Target will keep stores closed on Thanksgiving Day from now on, making last year’s pandemic-driven closures permanent.
The retailer announced Monday that while some staff will report to its call and distribution centers on Thanksgiving, stores across the country will stay shuttered, according to the Associated Press.
“What started as a temporary measure driven by the pandemic is now our new standard — one that recognizes our ability to deliver on our guests’ holiday wishes both within and well beyond store hours,” Brian Cornell, Target’s CEO, wrote in a note to employees, per the AP.
Target was among several major retailers, including Walmart, that kept stores closed on Thanksgiving 2020 in an effort to cut back on holiday shopping crowds as COVID-19 cases surged nationwide. Target also began rolling out its holiday deals as early as October and expanded the number of products eligible for delivery or store pickup in an effort to curb high volumes of in-store shoppers.
Target announced in January that it would also keep its stores closed this Thanksgiving as well because the response last year was “so positive.” Monday’s announcement makes the change permanent going forward.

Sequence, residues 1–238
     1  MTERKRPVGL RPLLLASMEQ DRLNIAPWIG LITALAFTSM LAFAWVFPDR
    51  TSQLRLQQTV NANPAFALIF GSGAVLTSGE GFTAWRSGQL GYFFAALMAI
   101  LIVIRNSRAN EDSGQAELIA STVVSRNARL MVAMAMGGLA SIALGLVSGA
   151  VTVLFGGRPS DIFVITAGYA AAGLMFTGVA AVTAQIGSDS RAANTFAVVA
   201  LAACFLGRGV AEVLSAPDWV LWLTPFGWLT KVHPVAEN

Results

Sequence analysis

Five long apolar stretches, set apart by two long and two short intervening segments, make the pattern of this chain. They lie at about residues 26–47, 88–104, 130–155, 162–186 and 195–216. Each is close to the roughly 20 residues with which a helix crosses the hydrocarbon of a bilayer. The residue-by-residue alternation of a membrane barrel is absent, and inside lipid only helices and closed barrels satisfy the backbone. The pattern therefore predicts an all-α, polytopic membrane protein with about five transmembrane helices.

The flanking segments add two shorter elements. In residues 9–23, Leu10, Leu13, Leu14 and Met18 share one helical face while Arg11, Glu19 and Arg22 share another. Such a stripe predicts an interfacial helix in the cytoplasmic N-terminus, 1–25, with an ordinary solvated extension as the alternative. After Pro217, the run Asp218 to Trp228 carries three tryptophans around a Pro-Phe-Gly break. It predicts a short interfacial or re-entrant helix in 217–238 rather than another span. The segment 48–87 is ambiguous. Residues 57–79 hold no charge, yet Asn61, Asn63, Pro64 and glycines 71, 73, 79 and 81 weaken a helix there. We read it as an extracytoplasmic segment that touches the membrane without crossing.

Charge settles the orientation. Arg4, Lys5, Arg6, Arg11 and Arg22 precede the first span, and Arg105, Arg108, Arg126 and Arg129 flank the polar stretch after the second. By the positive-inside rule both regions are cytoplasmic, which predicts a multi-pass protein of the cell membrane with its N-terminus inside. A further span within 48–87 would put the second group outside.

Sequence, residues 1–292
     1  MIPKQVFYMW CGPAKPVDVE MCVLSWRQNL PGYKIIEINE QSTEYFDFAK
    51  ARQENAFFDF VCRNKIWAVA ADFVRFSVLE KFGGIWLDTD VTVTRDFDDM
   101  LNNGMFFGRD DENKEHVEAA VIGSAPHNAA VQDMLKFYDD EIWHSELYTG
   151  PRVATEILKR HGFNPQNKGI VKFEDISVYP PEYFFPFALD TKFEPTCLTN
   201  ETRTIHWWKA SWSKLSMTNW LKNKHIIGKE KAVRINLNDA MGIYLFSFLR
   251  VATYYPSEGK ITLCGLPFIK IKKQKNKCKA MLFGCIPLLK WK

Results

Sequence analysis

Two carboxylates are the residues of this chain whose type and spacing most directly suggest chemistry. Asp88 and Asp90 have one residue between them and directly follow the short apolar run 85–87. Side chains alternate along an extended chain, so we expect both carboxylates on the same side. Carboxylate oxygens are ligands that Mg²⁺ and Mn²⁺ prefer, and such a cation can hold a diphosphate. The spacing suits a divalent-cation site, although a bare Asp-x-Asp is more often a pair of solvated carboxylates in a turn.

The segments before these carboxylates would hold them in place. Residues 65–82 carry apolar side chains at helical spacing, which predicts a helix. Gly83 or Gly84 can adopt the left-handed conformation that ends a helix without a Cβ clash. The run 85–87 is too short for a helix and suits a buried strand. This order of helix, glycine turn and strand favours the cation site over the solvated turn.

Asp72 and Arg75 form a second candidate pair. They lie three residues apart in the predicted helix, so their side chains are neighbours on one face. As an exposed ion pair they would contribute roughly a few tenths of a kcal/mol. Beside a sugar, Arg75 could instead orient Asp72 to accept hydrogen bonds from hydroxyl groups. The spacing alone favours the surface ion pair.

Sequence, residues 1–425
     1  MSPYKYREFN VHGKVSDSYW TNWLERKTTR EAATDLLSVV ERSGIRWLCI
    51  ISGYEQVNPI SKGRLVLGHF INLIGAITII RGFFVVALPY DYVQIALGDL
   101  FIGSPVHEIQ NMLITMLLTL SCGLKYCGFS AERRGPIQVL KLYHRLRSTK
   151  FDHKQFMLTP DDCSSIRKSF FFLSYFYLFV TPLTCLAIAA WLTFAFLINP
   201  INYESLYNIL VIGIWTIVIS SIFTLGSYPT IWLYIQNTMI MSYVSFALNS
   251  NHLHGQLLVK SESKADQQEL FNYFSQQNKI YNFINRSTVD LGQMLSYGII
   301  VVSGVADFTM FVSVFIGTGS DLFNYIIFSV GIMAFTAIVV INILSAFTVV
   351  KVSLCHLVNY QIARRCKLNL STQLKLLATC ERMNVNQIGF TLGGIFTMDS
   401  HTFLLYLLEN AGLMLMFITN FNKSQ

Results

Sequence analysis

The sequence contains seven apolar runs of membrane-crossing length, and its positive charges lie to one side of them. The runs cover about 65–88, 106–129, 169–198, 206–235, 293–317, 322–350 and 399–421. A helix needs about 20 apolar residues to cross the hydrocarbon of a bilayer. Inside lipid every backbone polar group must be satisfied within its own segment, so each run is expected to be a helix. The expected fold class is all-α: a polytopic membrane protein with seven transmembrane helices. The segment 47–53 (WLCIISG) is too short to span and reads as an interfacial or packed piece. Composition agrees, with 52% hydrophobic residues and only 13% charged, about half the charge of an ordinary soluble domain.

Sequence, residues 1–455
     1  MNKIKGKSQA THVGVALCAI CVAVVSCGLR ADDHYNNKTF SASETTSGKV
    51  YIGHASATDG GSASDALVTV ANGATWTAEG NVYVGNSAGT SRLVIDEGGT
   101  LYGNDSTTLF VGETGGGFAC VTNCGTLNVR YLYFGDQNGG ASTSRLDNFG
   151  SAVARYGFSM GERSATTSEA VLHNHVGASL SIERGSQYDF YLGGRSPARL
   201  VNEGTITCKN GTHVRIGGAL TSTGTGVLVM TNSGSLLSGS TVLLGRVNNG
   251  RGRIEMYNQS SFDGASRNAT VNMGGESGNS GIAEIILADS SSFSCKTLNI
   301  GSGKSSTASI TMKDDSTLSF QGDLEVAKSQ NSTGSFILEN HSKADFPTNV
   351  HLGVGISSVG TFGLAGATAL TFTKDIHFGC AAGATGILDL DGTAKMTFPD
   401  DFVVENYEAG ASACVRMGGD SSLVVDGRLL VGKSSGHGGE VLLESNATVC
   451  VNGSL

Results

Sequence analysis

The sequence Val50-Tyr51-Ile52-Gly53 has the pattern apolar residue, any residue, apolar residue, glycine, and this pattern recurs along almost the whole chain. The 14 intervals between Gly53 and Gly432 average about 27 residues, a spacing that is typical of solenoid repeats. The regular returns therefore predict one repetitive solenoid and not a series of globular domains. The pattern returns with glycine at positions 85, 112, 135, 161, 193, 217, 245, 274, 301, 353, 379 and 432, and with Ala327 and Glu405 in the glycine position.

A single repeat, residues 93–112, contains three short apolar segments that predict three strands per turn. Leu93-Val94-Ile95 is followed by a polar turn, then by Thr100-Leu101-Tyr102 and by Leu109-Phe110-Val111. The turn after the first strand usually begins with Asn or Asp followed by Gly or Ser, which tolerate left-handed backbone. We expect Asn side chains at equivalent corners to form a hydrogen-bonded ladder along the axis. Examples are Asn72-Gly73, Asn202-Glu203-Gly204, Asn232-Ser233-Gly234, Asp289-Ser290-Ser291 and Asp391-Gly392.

Prior to the pandemic, Target had opened its doors on Thanksgiving Day for roughly a decade, according to the AP. The move, also adopted by other major retailers like Best Buy and Macy’s, was an effort to get a head-start on the Black Friday shopping holiday and compete with Amazon. Not everyone was a fan of the decision, however, with critics saying it encouraged more spending and required employees to come to work on a holiday.
But staying closed last year didn’t dent Target’s profits: Despite the pandemic, Target saw a 17% jump in sales in 2020 compared to the year prior.
Spending over the Thanksgiving weekend, including Black Friday and Cyber Monday, is expected to be even higher this year. Shoppers plan to spend $448 on average over the holiday weekend, a 12% spike from 2020 and higher than pre-pandemic levels, according to Deloitte’s Pre-Thanksgiving Pulse Survey.
And while most of that spending — 60% — is expected to take place online, consumers are expected to return to stores this year. Deloitte’s survey found that 56% of Black Friday shoppers are planning to shop in person this year, up from 41% last year.
Source: Business Insider